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Colleen Grady
Colleen Grady, Attorney and Counselor at Law
Category: Criminal Law
Satisfied Customers: 555
Experience:  Attorney and Counselor at Law
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I have a question about credit card fraud

Customer Question

I have a question about credit card fraud
Submitted: 1 year ago.
Category: Criminal Law
Expert:  Colleen Grady replied 1 year ago.
Hello. I will help you with your questions. I have been an attorney for 27 years an a district attorney for 9 years.
Customer: replied 1 year ago.
Well I opened up a credit card in my 93 year old grandfather's name. I told/asked him about it but depending on the day he either remembers or doesn't. Well discover stopped the card. They talked to him today and he said he doesn't know if he has a card and he told them I'm his power of attorney but I'm not. They then accused me of fraud and opening it without him knowing and taking advantage of him and they said they will have a decision in 24-48 hours. I'm worried I'm going to jail and they might add elder abuse. I have an 11 month old baby and no criminal record. My grandpa wouldn't press charges but I'm worried about being arrested. Do I need a lawyer? What usually happens? I'm in California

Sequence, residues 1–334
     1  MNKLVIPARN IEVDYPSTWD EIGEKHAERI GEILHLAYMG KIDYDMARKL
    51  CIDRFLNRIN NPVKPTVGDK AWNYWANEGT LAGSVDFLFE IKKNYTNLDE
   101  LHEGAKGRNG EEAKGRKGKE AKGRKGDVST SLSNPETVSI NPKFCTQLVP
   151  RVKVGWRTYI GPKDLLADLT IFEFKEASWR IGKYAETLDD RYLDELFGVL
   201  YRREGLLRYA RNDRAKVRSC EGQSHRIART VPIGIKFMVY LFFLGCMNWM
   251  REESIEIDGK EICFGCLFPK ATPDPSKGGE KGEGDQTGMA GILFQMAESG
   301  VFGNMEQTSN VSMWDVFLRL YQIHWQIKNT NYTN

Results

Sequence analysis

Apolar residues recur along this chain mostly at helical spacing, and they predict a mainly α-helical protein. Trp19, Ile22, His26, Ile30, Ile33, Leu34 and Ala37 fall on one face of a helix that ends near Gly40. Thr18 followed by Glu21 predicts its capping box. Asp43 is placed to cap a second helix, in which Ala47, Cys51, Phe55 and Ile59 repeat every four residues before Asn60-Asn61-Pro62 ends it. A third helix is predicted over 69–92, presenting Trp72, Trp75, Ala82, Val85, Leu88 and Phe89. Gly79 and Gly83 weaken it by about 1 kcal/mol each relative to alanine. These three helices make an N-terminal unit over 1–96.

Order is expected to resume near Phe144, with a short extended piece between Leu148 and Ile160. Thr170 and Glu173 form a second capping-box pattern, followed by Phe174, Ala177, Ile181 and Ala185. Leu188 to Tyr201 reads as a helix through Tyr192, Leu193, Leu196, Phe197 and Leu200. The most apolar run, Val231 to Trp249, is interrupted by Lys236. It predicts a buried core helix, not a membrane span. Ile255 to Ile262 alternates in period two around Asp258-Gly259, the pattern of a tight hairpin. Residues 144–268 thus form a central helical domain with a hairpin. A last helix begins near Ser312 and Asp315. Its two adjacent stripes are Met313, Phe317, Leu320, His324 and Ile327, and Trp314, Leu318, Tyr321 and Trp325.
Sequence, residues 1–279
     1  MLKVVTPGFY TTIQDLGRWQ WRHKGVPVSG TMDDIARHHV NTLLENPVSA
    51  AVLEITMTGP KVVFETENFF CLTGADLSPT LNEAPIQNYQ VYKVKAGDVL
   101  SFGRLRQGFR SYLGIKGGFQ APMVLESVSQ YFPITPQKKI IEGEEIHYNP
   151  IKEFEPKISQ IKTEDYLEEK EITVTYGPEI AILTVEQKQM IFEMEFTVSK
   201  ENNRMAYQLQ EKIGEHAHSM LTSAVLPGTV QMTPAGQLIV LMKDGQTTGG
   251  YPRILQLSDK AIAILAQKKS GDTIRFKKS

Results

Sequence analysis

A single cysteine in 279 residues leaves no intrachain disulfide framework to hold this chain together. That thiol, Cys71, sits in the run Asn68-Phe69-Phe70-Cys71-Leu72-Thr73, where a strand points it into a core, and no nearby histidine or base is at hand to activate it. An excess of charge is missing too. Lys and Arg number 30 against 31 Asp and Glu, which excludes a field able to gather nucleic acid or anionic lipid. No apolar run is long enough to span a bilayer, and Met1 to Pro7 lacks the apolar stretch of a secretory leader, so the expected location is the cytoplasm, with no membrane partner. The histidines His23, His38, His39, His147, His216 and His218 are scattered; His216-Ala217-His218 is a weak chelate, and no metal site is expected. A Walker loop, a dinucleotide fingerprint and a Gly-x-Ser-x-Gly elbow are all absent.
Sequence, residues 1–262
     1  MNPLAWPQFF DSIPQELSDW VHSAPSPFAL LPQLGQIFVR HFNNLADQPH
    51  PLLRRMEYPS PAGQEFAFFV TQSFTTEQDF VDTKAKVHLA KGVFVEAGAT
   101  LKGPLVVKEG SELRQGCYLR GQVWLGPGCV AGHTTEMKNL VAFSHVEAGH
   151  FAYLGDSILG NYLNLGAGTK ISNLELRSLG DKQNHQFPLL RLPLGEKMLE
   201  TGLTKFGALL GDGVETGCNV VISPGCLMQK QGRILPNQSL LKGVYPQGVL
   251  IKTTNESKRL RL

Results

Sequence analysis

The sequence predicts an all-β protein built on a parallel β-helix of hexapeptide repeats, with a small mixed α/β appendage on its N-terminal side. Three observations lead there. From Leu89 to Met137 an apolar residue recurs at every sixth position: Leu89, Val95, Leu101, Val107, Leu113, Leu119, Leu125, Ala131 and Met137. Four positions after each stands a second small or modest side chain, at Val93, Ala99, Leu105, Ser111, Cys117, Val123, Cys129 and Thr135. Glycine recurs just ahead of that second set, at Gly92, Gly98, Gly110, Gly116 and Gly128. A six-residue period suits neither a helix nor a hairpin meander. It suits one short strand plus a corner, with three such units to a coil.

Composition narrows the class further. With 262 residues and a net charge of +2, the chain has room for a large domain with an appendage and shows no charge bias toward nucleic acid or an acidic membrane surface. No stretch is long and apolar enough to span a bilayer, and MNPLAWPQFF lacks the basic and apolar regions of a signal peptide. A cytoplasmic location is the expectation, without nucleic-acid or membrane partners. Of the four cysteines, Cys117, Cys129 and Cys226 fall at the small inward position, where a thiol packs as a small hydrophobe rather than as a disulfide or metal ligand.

Expert:  Colleen Grady replied 1 year ago.
It is possible that Discover will report this to the police as credit card fraud. You may face felony charges under California Penal Code SECTION 484-502.9. The prosecutor would have to prove you intended to defraud your grandfather. You could also face charges for financial Elder abuse. They don't have to get your grandfather to press charges. They can press charges and may call Adult Protective Services to investigate.It is important that you consult an attorney. Here is a link from the California Bar Association to find a lawyer referral: let me know if I can help more. If you are satisfied with my help, please rate me.
Expert:  Colleen Grady replied 1 year ago.
You asked about jail time. If you are convicted of a felony, you face up to 3 years in prison and a $10,000 fine. That is why it is important for you seek the advice of an attorney.
Expert:  Colleen Grady replied 1 year ago.
If you have no prior arrests, if convicted, you will be in a good position to be put on probation and not go to jail